Sunscreen does not guard the skin as well as it could because there is a key component that is missing from all these creams, finds a study. The research work is published in the journal, ‘Antioxidants’. The missing component is a class of antioxidants (a type of stable molecule) commonly found in nature. Experiments have shown that these antioxidant molecules remove excess iron in cells, which in turn helps the cells maintain a healthy level of free radicals (a type of unstable molecule).
Free radicals and free iron are strongly connected to skin damage. Dr Charareh Pourzand, who led the research from the Department of Pharmacy & Pharmacology and the Centre for Therapeutic Innovation at the University of Bath said, “By including these potent antioxidants in skin-care products and sunscreen formulations, and therefore trapping free iron, we can expect to get an unprecedented level of protection from the sun.”
Scientists have known for a long time that iron deposits promote the appearance of ageing, but the most recent study focuses on the interaction between free iron and free radicals in the skin. Dr. Pourzand urged skin-care manufacturers to look more closely at opportunities to include iron-trapping extracts in their products as a result of their findings.
A number of iron-trapping natural extracts have already been identified in the Bath lab (these include several classes of botanical, fungal, and marine-based compounds, such as extracts from certain vegetables, fruits, nuts, seeds, bark, and flowers), but Dr Pourzand stated that more research is required before any of these compounds can be used commercially. “Though the antioxidants we’ve identified work well in laboratory conditions, they don’t necessarily remain stable once they’ve been added to a cream,” she said.
“These extracts come from plants, and environmental factors affect their stability and long-term effectiveness — anything from the season in which they are grown, soil type, latitude and the time of harvest can change the strength by which they can neutralise free radicals as well as work as iron traps,” she continued.
She added, “What is needed now is for the bioactive chemicals in these extracts to be standardised — once that has happened, they can and should be added to products designed to protect the skin from ageing.”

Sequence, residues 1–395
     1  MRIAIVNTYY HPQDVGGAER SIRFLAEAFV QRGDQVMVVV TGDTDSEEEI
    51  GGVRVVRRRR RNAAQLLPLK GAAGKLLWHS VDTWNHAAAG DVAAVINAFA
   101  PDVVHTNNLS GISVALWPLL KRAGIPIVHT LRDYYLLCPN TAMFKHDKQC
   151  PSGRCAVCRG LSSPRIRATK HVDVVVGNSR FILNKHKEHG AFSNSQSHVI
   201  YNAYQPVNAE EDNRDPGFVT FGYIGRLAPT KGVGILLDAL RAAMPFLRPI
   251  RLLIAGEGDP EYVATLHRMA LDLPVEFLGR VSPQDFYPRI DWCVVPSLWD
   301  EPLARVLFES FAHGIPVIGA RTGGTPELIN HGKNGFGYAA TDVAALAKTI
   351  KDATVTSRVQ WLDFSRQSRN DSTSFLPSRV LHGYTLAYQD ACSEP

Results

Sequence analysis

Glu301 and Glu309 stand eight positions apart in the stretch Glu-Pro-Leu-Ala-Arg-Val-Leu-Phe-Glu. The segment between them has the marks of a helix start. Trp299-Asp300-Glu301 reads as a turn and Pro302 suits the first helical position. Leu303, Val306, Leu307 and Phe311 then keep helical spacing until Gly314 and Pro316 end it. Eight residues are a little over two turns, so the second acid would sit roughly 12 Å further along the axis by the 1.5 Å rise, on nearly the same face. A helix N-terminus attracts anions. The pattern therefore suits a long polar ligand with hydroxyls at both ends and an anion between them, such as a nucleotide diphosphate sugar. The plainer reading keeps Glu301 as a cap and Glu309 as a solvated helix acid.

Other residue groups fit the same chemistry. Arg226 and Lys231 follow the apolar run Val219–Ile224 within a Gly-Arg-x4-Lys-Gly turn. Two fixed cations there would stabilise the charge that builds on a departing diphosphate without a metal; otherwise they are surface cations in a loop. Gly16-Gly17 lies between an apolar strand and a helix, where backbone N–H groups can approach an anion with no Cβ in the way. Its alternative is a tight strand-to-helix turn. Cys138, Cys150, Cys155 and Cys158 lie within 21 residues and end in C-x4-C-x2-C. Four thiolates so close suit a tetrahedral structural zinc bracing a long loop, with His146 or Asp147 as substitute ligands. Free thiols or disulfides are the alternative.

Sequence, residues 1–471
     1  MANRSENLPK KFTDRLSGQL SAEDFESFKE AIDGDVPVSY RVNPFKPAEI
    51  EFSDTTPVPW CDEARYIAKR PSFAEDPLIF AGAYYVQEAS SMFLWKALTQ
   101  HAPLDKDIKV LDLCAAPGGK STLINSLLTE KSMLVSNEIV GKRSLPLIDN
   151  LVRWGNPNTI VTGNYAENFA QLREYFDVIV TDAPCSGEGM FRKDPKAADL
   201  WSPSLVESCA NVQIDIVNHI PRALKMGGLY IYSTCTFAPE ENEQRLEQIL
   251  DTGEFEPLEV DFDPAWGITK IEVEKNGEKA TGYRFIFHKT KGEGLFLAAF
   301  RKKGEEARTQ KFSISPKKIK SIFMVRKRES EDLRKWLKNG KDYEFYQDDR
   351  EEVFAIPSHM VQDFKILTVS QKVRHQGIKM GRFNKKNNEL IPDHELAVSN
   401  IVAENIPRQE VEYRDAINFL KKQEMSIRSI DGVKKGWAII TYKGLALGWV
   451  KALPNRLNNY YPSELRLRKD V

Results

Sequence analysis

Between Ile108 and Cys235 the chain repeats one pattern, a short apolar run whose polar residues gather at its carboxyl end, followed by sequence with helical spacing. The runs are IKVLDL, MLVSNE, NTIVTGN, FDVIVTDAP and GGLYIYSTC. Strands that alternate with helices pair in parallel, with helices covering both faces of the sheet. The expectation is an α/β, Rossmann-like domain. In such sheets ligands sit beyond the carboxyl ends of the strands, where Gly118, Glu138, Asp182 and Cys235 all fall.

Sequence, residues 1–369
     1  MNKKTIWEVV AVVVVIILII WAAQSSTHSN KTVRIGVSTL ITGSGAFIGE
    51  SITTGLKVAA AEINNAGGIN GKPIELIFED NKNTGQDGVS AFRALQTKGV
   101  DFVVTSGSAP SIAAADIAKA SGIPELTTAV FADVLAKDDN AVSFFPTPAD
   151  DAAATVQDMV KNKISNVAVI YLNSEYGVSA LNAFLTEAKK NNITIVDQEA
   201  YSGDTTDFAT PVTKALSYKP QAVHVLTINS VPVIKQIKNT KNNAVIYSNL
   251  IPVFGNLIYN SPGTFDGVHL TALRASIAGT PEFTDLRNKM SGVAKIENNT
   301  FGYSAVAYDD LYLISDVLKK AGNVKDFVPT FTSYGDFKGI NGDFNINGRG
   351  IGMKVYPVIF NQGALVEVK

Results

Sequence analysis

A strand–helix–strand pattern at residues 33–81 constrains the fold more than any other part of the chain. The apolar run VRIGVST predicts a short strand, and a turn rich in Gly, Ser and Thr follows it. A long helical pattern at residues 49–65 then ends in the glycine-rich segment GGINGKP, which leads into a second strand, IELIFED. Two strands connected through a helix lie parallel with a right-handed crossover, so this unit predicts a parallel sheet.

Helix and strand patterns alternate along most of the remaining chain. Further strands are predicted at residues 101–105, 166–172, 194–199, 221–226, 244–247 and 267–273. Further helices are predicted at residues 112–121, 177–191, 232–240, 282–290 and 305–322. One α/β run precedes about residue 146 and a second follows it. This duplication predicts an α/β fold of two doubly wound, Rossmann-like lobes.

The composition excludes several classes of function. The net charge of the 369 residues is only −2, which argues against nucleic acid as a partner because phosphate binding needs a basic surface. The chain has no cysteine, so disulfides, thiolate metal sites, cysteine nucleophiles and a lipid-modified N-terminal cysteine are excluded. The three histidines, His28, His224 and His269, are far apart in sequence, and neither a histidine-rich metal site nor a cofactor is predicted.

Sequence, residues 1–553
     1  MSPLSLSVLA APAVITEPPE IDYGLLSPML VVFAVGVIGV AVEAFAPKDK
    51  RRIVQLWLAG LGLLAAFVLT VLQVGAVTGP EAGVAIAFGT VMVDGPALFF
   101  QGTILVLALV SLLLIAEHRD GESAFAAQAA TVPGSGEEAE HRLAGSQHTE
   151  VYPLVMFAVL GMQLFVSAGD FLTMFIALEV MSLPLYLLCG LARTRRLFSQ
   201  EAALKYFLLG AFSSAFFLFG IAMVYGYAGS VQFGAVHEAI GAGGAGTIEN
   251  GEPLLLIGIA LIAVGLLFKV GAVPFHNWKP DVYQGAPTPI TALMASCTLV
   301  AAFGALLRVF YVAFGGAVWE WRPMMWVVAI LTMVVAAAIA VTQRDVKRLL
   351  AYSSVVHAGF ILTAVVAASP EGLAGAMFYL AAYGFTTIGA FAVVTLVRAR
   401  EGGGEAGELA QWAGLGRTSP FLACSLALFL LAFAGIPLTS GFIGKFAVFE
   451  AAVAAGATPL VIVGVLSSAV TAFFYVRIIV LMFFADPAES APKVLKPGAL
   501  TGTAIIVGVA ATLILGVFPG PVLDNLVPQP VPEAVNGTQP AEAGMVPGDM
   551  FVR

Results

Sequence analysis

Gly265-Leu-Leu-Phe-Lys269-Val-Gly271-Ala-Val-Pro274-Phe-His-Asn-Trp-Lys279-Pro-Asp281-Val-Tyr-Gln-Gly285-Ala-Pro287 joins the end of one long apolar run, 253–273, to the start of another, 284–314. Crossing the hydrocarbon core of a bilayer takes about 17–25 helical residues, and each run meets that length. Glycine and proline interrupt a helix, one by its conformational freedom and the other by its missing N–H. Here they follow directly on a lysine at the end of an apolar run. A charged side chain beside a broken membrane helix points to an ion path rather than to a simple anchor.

Sunscreens on the market today are either designed to block or absorb UV rays. In doing so, they reduce the number of free radicals produced on the skin; these unstable molecules are responsible for skin damage and ageing, a process known as oxidative stress. Free radicals cause harm by damaging DNA and other cell components, which can lead to cell death. What has been overlooked in sun-care and anti-aging formulations is the role of iron, both in directly damaging the skin when it interacts with UV radiation and in amplifying the damage caused by free radicals.
“This needs to change,” said Dr Pourzand. “Formulations need to adapt and improve,” she added. The antioxidant compounds identified at Bath have the ability to protect the skin against both chronological ageing (the natural decline in skin texture that comes with age) and sun-mediated ageing (known as photoaging). Though the body needs iron to function properly, too much (or too little) is harmful or even deadly to our cells.
To protect themselves from this danger, our cells have a well-developed system for correcting excess iron when it builds up, thus bringing it back to a state of balance (known as homeostasis).
In the incidence of sunlight, however, this balance is disturbed, leading to skin damage, ageing and sometimes cancer. Chronological ageing also contributes to iron levels falling out of balance, especially in women after menopause, meaning older people (and particularly older women) are more vulnerable than others to the ravaging effects of the sun.